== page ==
Could there be anything more silly than a senior citizen learning to swim? As a former Red Cross Water Safety instructor, my answer would be that the only thing sillier is for seniors to give up on the opportunity to learn how to swim.While much of my instructional time has been spent with young people, I also have had the opportunity to teach seniors who were either total novices or had very little water experience. Teaching those individuals quickly convinced me that there are at least five important reasons why seniors should learn to swim.To begin with, most seniors share a common concern for their physical and mental well-being. Common knowledge today suggests that moderate physical activity can deliver a positive boost to both physical and mental well-being. Exercise is almost universally approved as a means to help folks actively attack problems like diabetes, high blood pressure, or obesity. Experience tells us all that improved physical health can often simultaneously cast a positive glow on your mental and emotional state.
Unlike other exercise options, swimming is a low-impact activity. Learning to swim will allow you to help your heart and lungs without pounding away at your joints. The good news is you don’t have to be an Olympic swimmer to get the benefits of swimming. Learning beginner-swimming skills like treading water, floating, the crawl stroke, or elementary kicks can give you confidence in the water and get you moving. With the assistance of flotation devices seniors can engage in health enhancing activity in shallow water almost from the start.
Of course, learning to swim can turn out to be more than just a healthy habit. When people cross the line into their senior years, they often give consideration to at least a mental list of things they wish they had done but somehow never found the time to do. Did you always wish you had learned to swim? If so, taking a few beginner swimming lessons and following up with your own regular swim routine may allow you to feel a certain sense of accomplishment as you check something quite challenging off that list.
Taking the step to sign up for swimming lessons and learning the basics needed to swim on your own, with lifeguard present, can put you in position to encounter a whole collection of people you might never have met otherwise. Perhaps they will be beginners like you or maybe they will be more advanced swimmers who can even give you a few tips. When you take up an activity you have never done before the odds are always very good that you will meet some new people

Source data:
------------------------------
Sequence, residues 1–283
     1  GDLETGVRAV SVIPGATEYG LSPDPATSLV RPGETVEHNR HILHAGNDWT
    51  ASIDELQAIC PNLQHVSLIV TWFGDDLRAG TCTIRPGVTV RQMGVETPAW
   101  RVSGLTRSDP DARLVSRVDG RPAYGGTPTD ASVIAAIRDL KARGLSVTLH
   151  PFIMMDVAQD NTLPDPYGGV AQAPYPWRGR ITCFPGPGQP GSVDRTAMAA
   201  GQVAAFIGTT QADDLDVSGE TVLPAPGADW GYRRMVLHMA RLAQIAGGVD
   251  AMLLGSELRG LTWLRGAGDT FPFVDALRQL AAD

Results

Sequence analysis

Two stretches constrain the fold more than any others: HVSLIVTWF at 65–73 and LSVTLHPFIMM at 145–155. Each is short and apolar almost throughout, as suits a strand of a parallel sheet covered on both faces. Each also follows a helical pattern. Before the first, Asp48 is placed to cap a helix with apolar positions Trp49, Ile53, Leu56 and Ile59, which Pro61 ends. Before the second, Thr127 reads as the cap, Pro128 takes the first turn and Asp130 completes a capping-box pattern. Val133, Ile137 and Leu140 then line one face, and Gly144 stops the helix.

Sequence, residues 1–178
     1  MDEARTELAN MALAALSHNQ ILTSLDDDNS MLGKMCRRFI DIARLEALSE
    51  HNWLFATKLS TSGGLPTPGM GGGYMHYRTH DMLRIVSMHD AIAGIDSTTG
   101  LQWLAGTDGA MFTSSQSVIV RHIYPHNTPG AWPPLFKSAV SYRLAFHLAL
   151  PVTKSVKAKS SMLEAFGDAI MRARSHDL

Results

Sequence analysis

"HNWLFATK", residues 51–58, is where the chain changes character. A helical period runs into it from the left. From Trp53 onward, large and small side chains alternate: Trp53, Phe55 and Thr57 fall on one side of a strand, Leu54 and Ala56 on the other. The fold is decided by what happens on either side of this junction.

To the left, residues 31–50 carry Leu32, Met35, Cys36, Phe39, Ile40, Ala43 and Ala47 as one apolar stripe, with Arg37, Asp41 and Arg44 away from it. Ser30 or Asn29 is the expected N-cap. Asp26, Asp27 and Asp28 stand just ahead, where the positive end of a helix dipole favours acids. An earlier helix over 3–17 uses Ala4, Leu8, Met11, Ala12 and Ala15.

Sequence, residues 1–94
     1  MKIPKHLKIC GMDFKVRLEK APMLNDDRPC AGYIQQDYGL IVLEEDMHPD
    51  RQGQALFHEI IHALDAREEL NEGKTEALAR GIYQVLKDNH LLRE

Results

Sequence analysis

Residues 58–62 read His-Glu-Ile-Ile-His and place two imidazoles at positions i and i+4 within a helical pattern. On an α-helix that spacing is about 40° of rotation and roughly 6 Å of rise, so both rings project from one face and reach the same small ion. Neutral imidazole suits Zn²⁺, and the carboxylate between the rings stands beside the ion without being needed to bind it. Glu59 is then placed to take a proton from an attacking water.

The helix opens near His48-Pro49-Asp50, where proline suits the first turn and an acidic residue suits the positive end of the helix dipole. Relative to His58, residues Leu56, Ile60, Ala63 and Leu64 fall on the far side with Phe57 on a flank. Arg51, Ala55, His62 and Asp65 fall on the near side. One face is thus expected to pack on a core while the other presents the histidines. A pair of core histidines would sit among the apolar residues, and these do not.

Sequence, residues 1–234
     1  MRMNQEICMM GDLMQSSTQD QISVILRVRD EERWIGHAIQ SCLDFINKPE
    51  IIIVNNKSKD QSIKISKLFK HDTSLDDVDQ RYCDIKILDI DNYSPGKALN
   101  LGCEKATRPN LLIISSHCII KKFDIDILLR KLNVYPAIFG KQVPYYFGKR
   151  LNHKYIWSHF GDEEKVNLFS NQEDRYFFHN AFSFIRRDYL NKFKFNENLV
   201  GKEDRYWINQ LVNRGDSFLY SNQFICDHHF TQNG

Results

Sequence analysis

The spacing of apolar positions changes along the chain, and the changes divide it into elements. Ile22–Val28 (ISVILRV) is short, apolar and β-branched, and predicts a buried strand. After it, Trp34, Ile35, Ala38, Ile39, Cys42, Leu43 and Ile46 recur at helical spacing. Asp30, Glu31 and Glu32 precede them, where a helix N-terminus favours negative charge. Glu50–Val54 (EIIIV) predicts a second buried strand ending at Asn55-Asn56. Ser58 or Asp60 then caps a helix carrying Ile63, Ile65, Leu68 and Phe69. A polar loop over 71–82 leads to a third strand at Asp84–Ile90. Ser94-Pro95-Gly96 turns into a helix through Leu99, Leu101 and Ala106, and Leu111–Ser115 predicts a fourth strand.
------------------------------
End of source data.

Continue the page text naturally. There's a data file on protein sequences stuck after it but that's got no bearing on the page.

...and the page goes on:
As someone who has been a swimmer for more than half a century, I can promise that learning to swim is likely to do more than improve your health, let you reduce your bucket list by one or have a chance to socialize. Swimming has the potential to give you relaxation and joy. The feeling of your body floating is not duplicated in any other sport. More often than not you will leave the water fully refreshed. It’s an experience worth working towards.
What may finally move you to get up off the couch and check in to a local health club for your first swimming lesson could be your desire to be the best grandparent possible. Knowing how to swim and knowing how to help children stay safe in the water are skills that certainly add to any grandparent’s portfolio.
Don’t be surprised if once you get started swimming, you think of two or three more reasons why seniors should learn to swim and become a swim advocate among your peers.
added from an article of voices.yahoo.com
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